COMPARATIVE STUDY
JOURNAL ARTICLE

An in-vitro and in-vivo comparison of the activity of beta-lactamase inhibitor combinations with imipenem and cephalosporins against Escherichia coli producing TEM-1 or TEM-2 beta-lactamase

C E Cherubin, R H Eng, S M Smith, E N Tan
Journal of Antimicrobial Chemotherapy 1991, 28 (1): 61-70
1769944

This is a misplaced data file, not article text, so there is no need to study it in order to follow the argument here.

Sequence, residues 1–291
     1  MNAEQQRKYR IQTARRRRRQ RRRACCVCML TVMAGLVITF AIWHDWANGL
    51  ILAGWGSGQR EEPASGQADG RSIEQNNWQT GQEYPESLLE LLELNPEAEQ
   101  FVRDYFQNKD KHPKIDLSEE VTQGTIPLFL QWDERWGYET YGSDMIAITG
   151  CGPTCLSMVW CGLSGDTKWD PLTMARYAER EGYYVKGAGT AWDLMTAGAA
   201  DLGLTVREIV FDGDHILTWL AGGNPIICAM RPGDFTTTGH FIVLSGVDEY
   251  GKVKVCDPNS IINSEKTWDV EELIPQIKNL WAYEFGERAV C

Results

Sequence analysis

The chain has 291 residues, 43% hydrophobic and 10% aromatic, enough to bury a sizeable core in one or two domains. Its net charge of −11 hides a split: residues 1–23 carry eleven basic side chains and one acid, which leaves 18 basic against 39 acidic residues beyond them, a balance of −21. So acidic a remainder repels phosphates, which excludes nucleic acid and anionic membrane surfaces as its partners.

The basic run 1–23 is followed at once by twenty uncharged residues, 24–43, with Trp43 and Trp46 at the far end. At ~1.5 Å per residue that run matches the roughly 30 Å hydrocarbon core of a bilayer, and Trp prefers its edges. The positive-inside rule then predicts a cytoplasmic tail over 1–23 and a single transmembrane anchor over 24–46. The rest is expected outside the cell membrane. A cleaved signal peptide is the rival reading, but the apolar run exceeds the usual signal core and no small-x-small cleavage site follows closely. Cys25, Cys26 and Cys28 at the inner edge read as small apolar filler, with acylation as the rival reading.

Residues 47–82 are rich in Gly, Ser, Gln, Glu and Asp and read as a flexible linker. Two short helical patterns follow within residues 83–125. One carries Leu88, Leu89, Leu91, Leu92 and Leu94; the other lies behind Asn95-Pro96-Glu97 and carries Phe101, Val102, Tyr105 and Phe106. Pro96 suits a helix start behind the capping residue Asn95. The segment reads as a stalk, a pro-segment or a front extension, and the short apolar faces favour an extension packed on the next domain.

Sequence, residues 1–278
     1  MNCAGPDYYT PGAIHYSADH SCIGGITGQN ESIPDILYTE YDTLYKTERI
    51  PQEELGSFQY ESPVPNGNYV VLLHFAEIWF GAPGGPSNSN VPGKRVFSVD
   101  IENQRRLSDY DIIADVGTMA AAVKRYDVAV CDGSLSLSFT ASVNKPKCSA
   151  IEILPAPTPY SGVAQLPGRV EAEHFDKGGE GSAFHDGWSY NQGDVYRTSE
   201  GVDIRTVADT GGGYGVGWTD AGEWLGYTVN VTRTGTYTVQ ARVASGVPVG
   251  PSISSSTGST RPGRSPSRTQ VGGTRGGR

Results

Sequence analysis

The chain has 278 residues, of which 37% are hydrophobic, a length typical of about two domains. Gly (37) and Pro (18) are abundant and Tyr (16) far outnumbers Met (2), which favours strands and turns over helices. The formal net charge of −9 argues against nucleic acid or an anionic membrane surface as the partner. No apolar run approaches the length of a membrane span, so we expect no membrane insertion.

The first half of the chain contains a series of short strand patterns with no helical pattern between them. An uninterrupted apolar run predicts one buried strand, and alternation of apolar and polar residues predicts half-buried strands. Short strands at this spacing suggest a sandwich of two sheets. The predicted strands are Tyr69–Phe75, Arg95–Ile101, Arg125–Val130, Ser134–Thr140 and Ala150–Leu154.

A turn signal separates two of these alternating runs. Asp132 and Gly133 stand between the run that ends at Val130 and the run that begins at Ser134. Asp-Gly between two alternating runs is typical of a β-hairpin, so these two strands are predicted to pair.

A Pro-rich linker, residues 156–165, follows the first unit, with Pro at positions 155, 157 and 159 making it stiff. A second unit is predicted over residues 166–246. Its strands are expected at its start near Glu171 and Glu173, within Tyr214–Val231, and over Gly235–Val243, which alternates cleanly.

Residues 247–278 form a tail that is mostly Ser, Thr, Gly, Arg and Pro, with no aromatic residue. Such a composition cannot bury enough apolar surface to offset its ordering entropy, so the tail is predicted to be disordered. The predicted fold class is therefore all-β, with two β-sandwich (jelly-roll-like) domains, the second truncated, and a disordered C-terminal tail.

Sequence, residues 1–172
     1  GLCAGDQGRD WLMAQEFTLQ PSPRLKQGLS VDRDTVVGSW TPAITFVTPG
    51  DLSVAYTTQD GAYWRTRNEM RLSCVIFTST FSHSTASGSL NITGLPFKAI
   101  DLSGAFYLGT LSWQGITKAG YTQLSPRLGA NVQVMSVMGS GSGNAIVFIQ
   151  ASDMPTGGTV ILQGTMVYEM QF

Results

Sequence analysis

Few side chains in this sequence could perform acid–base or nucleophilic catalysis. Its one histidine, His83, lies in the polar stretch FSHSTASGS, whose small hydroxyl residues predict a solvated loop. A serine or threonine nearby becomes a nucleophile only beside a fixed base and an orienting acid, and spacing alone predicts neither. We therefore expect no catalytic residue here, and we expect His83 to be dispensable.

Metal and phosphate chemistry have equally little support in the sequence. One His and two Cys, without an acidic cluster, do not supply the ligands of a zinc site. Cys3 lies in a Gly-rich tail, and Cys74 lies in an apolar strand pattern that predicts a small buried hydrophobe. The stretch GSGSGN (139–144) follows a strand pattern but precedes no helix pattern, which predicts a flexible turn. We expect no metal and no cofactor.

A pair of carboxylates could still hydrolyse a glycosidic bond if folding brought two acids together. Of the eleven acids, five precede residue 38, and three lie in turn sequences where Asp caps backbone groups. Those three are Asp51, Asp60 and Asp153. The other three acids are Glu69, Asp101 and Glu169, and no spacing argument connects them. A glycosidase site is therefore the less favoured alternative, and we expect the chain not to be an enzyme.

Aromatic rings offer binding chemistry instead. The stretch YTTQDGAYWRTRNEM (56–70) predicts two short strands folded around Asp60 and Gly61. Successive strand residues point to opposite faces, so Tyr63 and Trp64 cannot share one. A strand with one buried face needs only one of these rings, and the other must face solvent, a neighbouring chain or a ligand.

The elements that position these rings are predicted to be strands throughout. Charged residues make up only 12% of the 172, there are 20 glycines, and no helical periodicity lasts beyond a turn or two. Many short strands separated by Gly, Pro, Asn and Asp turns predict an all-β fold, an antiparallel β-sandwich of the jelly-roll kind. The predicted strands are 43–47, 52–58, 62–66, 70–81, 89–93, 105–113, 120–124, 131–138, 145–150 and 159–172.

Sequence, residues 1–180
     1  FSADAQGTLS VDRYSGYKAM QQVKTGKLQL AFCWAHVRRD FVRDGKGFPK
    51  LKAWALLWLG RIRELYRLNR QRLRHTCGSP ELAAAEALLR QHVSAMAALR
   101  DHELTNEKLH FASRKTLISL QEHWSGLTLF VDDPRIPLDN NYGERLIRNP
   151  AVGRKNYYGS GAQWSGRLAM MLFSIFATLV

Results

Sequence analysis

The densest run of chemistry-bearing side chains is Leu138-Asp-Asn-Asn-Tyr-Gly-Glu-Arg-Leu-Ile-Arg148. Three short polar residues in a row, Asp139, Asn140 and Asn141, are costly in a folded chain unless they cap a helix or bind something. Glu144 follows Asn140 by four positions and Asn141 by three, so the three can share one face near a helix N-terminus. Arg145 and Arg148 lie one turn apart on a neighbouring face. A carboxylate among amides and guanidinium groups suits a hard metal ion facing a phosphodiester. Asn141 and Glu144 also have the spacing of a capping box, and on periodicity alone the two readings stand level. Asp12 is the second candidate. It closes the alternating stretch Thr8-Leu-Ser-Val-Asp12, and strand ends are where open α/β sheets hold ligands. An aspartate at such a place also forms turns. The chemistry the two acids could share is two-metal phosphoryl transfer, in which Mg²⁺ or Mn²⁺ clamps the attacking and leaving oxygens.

Reference strains of Escherichia coli (ampicillin-susceptible and -resistant ATCC strains, and known TEM-1 and TEM-2 beta-lactamase producers) were tested in vitro and in the in-vivo mouse thigh infection model against four beta-lactamase inhibitor compounds (BICs: amoxycillin/clavulanic acid, ampicillin/sulbactam, ticarcillin/clavulanic acid, and piperacillin/tazobactam), selected cephalosporins, and imipenem. The ATCC strains (ampicillin-susceptible and -resistant) were susceptible to the BICs in disc and MIC tests. Three or more logs of killing were observed at the NCCLS breakpoint concentrations. However, the TEM-1 and TEM-2 producers were resistant in disc tests to ampicillin/sulbactam and amoxycillin/clavulanic acid, and showed intermediate susceptibility to ticarcillin/clavulanic acid. MICs were at or near the breakpoint, but bactericidal activity was only noted at the probable breakpoint concentration of piperacillin/tazobactam. Cefoxitin, cefotaxime, cefpirome and imipenem, but not cephalothin, showed greater bactericidal activity and lower MICs for the TEM-producing strains than the BICs. The viable count of the TEM-1 producer was not reduced in the mouse thigh model by ampicillin/sulbactam or amoxycillin/clavulanic acid, but cefpirome and cefotaxime reduced the viable count by approximately three logs. There was a 50% mortality rate in mice receiving the two BICs. The ampicillin-susceptible ATCC strain of E. coli was killed to a similar degree by all agents tested. Overall, the BICs appeared inferior, in both in-vivo and in-vitro tests to selected cephalosporins and imipenem when tested against reference strains of E. coli producing TEM-1 or TEM-2 beta-lactamase. The large inoculum effect and poor bactericidal activity observed with the BICs suggest they could be less effective in certain clinical situations.

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